Is Research a Viable Career Path for RTs? Michael Terry Would Say Yes!

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July 3, 2023

The healthcare system depends on research to identify new treatments and modalities and confirm whether or not those currently in use can hold up under scrutiny. As key members of the health care team, respiratory therapists have much to offer the research community, and many therapists are actively involved in carrying out and publishing studies of their own.

Research is a team effort, though, and a key player on that team is the research coordinator — the person who finds and keeps track of study participants, assists with data collection and shepherds the study towards completion.

Michael Terry, BSRT, RRT, RPFT, CCRC, is a great example of how an RT can take on the research coordinator role. As senior research coordinator at Loma Linda University Medical Center in Loma Linda, CA, he is actively involved in a range of projects aimed at improving care for people with respiratory conditions.

Patience and perseverance

Patience and perseverance have been key to his success.

“I worked for 25 years in clinical medicine and still do on a part-time basis in the PFT lab,” said Terry. “I moved into research gradually and was encouraged by my directors and physician mentors.”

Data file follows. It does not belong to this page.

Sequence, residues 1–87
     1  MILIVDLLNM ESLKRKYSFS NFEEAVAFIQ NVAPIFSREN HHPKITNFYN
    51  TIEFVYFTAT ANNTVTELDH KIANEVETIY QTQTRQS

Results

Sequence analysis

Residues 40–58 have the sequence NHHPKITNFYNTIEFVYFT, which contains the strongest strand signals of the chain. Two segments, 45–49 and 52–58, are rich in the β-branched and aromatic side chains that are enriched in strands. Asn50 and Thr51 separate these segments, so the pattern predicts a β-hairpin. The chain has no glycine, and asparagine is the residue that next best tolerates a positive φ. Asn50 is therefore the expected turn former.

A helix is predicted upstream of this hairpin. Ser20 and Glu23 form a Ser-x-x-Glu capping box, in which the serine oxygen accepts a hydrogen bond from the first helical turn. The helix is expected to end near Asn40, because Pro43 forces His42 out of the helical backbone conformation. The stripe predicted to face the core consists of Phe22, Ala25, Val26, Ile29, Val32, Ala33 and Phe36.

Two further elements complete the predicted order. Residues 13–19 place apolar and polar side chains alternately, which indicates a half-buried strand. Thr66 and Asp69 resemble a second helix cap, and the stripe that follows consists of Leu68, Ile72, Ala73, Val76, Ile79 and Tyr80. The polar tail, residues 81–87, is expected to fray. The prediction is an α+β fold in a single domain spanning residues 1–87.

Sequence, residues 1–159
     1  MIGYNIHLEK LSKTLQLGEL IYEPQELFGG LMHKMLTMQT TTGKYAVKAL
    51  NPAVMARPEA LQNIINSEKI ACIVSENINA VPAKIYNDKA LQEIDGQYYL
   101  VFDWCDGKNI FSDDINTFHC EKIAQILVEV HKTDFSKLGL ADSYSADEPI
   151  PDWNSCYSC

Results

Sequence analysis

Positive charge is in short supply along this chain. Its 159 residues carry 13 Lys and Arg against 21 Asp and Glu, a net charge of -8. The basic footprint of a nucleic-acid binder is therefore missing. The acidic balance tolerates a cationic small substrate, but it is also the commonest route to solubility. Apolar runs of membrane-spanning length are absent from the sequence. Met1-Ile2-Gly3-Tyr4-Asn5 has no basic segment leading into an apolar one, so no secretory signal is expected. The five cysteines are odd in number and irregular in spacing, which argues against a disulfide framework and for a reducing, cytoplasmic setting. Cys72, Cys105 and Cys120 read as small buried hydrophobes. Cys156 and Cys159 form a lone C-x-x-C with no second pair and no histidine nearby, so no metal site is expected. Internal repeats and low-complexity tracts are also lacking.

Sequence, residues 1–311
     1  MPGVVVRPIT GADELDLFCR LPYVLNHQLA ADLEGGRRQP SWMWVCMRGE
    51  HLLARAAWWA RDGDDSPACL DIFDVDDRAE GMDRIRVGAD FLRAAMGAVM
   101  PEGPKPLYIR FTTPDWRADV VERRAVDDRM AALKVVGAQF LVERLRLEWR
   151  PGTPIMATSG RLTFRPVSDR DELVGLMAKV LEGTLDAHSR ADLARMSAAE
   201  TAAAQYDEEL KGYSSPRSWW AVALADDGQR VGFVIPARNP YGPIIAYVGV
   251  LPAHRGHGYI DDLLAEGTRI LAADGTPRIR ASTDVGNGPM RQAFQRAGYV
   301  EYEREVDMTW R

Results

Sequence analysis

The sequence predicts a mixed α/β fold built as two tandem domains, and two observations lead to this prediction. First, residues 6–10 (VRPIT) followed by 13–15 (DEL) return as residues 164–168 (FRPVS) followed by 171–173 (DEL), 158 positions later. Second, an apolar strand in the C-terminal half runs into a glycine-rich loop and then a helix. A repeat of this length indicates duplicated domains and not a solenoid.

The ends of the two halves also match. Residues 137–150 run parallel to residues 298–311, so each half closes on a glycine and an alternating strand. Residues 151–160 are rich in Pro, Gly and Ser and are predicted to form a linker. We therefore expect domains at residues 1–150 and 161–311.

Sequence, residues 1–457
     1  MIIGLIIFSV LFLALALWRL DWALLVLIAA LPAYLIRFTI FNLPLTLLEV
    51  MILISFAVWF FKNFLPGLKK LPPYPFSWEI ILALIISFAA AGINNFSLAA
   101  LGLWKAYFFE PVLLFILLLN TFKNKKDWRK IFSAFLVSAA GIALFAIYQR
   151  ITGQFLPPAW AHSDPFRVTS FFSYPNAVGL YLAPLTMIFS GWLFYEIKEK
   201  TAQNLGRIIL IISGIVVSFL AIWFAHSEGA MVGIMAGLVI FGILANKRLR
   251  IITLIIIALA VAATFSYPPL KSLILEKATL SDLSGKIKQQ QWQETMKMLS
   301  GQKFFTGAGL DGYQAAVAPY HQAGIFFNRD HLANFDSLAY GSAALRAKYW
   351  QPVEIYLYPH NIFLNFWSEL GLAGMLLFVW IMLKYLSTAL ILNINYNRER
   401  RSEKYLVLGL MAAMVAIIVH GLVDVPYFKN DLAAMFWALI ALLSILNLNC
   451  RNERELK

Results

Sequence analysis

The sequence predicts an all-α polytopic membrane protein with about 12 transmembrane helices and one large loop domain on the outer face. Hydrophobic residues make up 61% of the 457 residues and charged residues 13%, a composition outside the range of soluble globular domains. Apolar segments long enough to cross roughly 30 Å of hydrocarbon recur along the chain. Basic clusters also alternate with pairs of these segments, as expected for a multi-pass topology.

Being in an academic setting was a big advantage since that’s where much of the research that is published is carried out, and Terry says his clinical experience in the ICU helped him develop the inquiring mind necessary for his role in research too.

“As I developed as an ICU RT, I was encouraged to ask and answer research questions about mechanical ventilation,” he said. “Many of these were accepted for AARC research poster sessions.”

Attending conferences such as the AARC Congress also furthered his understanding of the research area.

Proactive steps

But Terry took some major proactive steps to ensure he could have a future in the area as well. Chief among them was going back to school to earn his bachelor’s degree in respiratory therapy.

“One of the most productive things I did was to acquire my BSRT, said Terry. “Not only did I have classes in research methods and statistics, I met a group of people who were interested in research in respiratory care.”

After he graduated he volunteered for a research internship with one of Loma Linda’s basic science labs, and when he completed that assignment, the physician group he works with now asked him to help coordinate their clinical studies.

The next step was to seek out a formal credential in the area, and he decided to go for the Certified Clinical Research Coordinator (CCRC) credential from the Association of Clinical Research Professionals.

The credential formally recognizes clinical research professionals with experience coordinating and facilitating clinical trial activities and is open to those with 3,000 hours of verifiable work experience or 1,500 hours of work experience plus a degree related to clinical research.

The work is cyclical